The Butler | Direct Movies




The Butler

October 6th, 2013








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The Butler

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Plot
As Cecil Gaines serves eight presidents during his tenure as a butler at the White House, the civil rights movement, Vietnam, and other major events affect this man's life, family, and American society.

Release Year: 2013

Rating: 5.7/10 (1,129 voted)

Critic's Score: 66/100

Director: Lee Daniels

Stars: Forest Whitaker, Oprah Winfrey, John Cusack

Storyline
As Cecil Gaines serves eight presidents during his tenure as a butler at the White House, the civil rights movement, Vietnam, and other major events affect this man's life, family, and American society.

Writers: Danny Strong, Wil Haygood

Cast:
Forest Whitaker - Cecil Gaines
David Banner - Earl Gaines
Michael Rainey Jr. - Cecil Gaines (8)
LaJessie Smith - Abraham
Mariah Carey - Hattie Pearl
Alex Pettyfer - Thomas Westfall
Vanessa Redgrave - Annabeth Westfall
Aml Ameen - Cecil Gaines (15)
Clarence Williams III - Maynard
John P. Fertitta - Mr. Jenkins (as John Fertitta)
Jim Gleason - R.D. Warner
Oprah Winfrey - Gloria Gaines
Isaac White - Charlie Gaines (10)
David Oyelowo - Louis Gaines
Joe Chrest - White Usher

Taglines: One quiet voice can ignite a revolution

Country: USA

Language: English

Release Date: 16 August 2013

Filming Locations: New Orleans, Louisiana, USA

Box Office Details

Budget: $25,000,000 (estimated)



Technical Specs

Runtime:



Did You Know?

Trivia:
The Weinstein Company acquired the distribution rights for the film in 2012 after Columbia Pictures, in 2008, put the film in turnaround. Spike Lee, set to direct the film, dropped out at the last minute. Tyler Perry was considered for a brief time, but ultimately Lee Daniels was brought in to direct. See more »



User Review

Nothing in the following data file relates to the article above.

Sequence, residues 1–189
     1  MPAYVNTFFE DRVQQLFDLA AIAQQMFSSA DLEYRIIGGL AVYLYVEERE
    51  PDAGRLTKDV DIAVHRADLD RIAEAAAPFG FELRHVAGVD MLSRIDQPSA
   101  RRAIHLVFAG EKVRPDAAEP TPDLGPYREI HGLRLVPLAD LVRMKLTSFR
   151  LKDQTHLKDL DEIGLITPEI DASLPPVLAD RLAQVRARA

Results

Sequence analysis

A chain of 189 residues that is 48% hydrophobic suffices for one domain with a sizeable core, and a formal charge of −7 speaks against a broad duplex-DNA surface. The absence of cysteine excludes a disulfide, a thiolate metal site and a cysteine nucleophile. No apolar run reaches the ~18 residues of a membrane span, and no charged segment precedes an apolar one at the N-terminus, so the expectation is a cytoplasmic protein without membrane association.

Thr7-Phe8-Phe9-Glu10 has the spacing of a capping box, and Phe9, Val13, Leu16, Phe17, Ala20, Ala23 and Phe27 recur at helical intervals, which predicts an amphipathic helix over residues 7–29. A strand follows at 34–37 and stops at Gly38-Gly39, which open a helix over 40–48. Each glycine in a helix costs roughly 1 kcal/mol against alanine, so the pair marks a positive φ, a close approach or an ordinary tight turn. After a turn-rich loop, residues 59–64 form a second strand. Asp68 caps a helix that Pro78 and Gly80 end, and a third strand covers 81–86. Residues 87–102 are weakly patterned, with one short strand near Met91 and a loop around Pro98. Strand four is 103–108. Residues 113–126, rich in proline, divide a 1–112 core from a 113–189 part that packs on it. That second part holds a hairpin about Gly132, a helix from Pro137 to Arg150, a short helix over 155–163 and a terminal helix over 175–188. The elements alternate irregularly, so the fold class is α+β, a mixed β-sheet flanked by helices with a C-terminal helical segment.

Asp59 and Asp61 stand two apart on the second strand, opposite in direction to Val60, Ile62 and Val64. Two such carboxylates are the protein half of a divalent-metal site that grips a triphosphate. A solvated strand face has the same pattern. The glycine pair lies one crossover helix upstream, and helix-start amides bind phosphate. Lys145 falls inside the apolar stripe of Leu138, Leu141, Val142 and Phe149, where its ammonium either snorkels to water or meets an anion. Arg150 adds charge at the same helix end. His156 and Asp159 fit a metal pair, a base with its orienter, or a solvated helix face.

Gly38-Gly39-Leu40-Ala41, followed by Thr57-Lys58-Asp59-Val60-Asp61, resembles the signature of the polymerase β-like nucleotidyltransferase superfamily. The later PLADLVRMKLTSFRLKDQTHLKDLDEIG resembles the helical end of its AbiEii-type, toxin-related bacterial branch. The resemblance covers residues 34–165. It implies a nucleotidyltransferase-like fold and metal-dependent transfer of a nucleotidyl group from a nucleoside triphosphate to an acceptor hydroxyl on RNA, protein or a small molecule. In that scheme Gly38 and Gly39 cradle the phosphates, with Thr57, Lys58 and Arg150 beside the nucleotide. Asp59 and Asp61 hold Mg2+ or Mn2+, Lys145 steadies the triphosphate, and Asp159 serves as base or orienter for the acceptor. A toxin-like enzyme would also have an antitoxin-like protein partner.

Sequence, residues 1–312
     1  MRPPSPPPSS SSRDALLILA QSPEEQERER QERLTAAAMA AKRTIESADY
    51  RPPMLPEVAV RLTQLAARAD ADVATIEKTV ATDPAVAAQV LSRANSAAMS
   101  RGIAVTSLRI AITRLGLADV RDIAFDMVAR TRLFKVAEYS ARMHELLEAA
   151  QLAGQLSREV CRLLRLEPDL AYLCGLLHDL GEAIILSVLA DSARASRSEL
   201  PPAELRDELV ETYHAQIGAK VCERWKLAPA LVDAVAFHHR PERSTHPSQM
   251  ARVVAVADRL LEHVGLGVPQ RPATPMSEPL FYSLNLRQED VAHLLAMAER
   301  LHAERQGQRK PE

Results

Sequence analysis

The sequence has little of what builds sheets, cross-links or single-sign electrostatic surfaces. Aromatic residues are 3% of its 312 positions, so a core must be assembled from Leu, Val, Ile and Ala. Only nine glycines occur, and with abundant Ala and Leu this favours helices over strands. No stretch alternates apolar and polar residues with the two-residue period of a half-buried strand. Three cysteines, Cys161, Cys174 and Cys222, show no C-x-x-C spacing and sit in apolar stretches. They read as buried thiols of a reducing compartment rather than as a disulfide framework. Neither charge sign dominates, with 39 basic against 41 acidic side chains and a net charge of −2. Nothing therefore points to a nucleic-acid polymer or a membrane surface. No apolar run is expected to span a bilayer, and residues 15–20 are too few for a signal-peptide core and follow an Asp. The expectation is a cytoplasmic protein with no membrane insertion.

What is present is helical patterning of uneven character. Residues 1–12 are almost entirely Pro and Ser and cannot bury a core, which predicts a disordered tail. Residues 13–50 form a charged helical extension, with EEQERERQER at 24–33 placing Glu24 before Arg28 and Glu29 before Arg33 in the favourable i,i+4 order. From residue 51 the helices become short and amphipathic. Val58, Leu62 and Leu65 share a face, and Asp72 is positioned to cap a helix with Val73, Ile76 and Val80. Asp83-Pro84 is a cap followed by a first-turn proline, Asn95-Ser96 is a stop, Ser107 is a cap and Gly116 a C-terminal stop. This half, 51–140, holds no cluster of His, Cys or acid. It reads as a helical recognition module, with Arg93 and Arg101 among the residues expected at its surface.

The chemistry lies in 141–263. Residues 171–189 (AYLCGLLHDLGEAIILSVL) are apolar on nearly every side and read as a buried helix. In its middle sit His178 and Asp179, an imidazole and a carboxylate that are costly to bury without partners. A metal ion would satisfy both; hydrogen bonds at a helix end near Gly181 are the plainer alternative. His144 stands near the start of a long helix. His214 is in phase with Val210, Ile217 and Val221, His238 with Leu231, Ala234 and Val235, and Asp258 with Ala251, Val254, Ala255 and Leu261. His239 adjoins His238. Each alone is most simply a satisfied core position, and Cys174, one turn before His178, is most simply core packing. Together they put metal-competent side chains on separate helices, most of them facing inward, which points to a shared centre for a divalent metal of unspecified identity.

Author:

Rating:

You'll feel emotions throughout "Lee Daniel's The Butler," but you'd also cry if someone kicks a kitten on TV. Dropping in simplistic scenes of hardship and meager triumph does not a good film make. This is not a good film.

Technically, it's fine. And it's got a lot of stars. Some are hard to spot such as Vanessa Redgrave as a racist Southerner and Jane Fonda as Nancy Reagan. But, it's overlong even though the story spans nearly nine decades. In all those years, very little actually seems to happen.

Nothing really happens with our hero, Forest Whitaker as White House butler Cecil Gaines. He does his job quietly. He has very little impact on those around him either at home or in the House. The film is named for this person. It would be nice if he was interesting.

The only real action comes from Cecil's son Earl Gaines (David Banner). Earl takes up the fight for civil rights. But, even he's mostly along for the ride, so while he's not substantial enough for his own movie, without him in this one, I probably would have fallen asleep.

And that's the thing. For all the dramatic tension offered by the subjects of fighting for civil rights in the South and working in the White House, this film is surprisingly boring. Sure, I got to see lots of cameos by famous actors as Presidents of the United States, yet even Robin Williams as Dwight Eisenhower did little to elevate my interest.

Like Forest Gump, the events of history pass by around Forest Whitaker's butler. He is alongside every president from Ike to Reagan. Unlike "Forest Gump," it's never that entertaining.

"Forest Gump" and "Lee Daniel's The Butler" also share a feeling that they take themselves to be significant films saying important things, but I am hard-pressed to say just what those things are. Putting powerful, historical events on screen is not the same as saying something insightful about them.




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